“This programming error was not identified during the testing process that was carried out by the Town Clerk and Deputy Town Clerk.

“After extensive discussions with the Town Attorney, Maine Municipal Association and the Deputy Secretary of State, the Select Board does not have authority to do a recount of the vote and the evidence we have does not point to a change in the result if we did.

“The Appleton Select Board will work with the Town Clerk to ensure a program validation process is in place and properly executed for future elections.

“The Select Board wants to reassure the people of the Town of Appleton that we hold their right to vote and to have their votes counted as our most important duty and will take whatever steps are necessary to ensure that these processes are done correctly.”

Fenner said in August the issue was brought to the town’s attention after the town received complaints that some of the write-in ballots for selectman were not counted. There were no contested races for the two seats up for election in July.

Select Board Member Lorie Costigan was on the ballot, having taken out nomination papers and was elected to the board.

In addition, Charles Garrigan was elected to the board as a write-in candidate with two votes.

However, Fenner said more than two people reported writing Garrigan’s name in, so the count of two votes from the voting machine was not credible.

Garrigan has been awarded the seat and no one with standing asked for a recount, so there is no issue with him serving on the board, according to Fenner.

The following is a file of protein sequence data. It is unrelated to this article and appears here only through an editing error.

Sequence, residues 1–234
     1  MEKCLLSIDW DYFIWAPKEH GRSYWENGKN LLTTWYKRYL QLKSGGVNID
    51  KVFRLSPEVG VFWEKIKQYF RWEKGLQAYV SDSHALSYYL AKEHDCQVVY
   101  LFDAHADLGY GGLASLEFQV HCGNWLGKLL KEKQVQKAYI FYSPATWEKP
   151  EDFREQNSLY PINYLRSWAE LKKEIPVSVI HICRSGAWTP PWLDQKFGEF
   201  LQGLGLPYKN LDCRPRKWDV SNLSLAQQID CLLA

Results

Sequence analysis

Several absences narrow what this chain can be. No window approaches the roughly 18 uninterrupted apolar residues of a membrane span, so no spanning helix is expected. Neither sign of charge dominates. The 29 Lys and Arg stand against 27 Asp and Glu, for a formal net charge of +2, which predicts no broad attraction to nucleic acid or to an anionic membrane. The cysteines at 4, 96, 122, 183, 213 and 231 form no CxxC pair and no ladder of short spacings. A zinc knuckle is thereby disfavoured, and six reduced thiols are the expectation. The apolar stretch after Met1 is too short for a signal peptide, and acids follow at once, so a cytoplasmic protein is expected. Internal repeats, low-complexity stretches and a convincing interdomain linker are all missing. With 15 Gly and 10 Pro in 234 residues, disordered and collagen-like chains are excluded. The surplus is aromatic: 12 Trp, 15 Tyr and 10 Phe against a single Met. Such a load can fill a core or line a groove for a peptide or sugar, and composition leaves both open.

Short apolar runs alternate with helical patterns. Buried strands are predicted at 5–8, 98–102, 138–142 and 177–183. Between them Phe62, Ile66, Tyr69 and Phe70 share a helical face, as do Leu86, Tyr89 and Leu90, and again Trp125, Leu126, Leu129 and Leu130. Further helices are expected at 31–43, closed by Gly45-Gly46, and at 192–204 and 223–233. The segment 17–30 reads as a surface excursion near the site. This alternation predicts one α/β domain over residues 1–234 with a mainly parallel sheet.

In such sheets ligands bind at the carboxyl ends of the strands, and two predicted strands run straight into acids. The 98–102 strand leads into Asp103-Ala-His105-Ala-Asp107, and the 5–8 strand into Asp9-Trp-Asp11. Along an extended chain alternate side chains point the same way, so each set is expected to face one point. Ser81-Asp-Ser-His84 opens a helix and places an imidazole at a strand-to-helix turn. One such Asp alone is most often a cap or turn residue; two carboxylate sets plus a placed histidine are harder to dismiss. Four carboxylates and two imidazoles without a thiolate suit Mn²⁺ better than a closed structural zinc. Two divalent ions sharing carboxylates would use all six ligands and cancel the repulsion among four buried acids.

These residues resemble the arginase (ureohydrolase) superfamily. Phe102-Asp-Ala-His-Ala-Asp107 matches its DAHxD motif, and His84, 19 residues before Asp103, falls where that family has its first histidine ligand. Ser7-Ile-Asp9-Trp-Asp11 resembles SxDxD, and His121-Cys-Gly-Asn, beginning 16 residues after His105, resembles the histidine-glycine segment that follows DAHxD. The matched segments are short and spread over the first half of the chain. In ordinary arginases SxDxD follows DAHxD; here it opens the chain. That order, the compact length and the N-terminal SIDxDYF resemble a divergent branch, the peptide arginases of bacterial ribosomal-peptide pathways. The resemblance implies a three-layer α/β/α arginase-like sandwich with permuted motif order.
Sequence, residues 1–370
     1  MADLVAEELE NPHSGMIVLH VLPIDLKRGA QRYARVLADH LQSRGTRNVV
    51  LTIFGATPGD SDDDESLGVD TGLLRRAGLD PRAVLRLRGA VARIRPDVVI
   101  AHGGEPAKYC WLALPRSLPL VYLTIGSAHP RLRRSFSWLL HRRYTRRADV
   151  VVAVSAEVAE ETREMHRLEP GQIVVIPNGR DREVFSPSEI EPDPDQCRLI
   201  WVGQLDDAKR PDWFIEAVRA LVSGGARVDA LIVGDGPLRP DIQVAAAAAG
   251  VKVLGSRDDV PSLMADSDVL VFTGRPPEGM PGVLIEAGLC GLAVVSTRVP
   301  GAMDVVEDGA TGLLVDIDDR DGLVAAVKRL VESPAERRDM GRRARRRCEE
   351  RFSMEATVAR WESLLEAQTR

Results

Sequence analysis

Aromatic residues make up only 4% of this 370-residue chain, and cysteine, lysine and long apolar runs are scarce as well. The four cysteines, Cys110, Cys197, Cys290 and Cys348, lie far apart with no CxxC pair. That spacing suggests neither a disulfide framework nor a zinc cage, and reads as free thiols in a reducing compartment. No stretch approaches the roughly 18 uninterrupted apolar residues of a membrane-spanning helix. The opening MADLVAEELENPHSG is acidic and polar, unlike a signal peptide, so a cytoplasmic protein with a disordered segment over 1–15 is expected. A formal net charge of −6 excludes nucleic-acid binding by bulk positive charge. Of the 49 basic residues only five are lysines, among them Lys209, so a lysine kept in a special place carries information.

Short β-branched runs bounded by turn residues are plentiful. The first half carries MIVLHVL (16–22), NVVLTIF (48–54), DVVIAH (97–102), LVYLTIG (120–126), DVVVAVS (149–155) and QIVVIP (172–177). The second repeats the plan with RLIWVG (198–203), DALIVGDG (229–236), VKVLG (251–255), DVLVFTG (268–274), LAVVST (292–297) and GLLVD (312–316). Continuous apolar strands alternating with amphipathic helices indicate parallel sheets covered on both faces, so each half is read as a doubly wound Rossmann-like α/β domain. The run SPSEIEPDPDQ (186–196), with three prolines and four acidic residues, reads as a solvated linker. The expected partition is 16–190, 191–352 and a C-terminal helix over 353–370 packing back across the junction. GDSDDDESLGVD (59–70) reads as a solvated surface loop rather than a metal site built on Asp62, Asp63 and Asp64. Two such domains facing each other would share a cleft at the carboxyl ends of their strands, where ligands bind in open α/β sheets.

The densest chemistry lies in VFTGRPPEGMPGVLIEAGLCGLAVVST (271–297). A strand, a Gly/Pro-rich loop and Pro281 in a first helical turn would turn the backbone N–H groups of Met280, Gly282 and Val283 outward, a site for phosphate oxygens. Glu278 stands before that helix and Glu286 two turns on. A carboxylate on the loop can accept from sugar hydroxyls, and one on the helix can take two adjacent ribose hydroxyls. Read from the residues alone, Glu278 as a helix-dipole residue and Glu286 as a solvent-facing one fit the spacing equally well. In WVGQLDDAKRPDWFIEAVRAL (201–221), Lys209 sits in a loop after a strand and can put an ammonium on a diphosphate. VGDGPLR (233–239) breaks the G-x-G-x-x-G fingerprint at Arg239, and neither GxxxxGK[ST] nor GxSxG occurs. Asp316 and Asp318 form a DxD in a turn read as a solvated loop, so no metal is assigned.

Elizabeth Dickerson was appointed as the new town clerk and Langley Willauer was named deputy town clerk Nov. 6.

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Comments (8)
Posted by: JOETTE DEBLOIS | Nov 18, 2020 16:15

That's a lot of history, knowledge, and education walking out the door. I don't think most people realize how much is involved in being a town clerk and election official. Not to mention your 'bosses' rotate in and out on a regular basis. Sometimes that's good, sometimes it's not. If they have been there for that many years they have been doing something right and will leave big shoes to fill, I'm sure. - Joette DeBlois

Posted by: Francis Mazzeo, Jr. | Nov 17, 2020 14:48

Nice memory Crawford !

Posted by: Crawford L Robinson | Nov 17, 2020 11:40

They might not want to disrespect Liz Dickerson. I would especially recommend not to throw any hats at her.

Posted by: CATHY TRUEMAN | Nov 17, 2020 11:08

We have always been impressed with these two women, and have enjoyed working with them.  What a loss to the town of Appleton.  This select board has cost the town a lot!

Posted by: KEITH ROSE | Nov 17, 2020 11:00

I was on the Appleton Select Board when we hired Pam, 29 years ago. I had no part in hiring Becky, but, my observations over the years tell me I would have hired her too. While members of the select board have come and gone, these two have been the Appleton Town Office for nearly three decades.


Maybe, rather than being scolded for a ballot issue they didn’t create, (and didn’t change the outcome), they should be thanked for hanging in there as long as they did and for keeping the interests of the residents of the Town of Appleton first and foremost on their ‘to do’ list.


I, for one, just want to say thanks, to both. Pam, Becky, thank you for your time here. You will be missed.

Posted by: Gary Born | Nov 17, 2020 07:45

Sounds like it's time for a new select board...

Posted by: Shelby Thomas Bates | Nov 17, 2020 06:48

All I know is that whenever I went into the office these women were kind, helpful, and industrious. I will always remember their patience and enthusiasm helping my husband and I complete our marriage certificate at their window. Thank you for welcoming us to Appleton, ladies. I'm glad you're standing up for yourselves - you don't deserve to feel like that. We'll miss you! Thank you!

Posted by: Kevin P Robertson | Nov 16, 2020 20:57

I’ve owned a real estate appraisal business in Knox County for 37 years.  It has been a pleasure working with these ladies, always courteous, very professional.  Good luck in your new careers!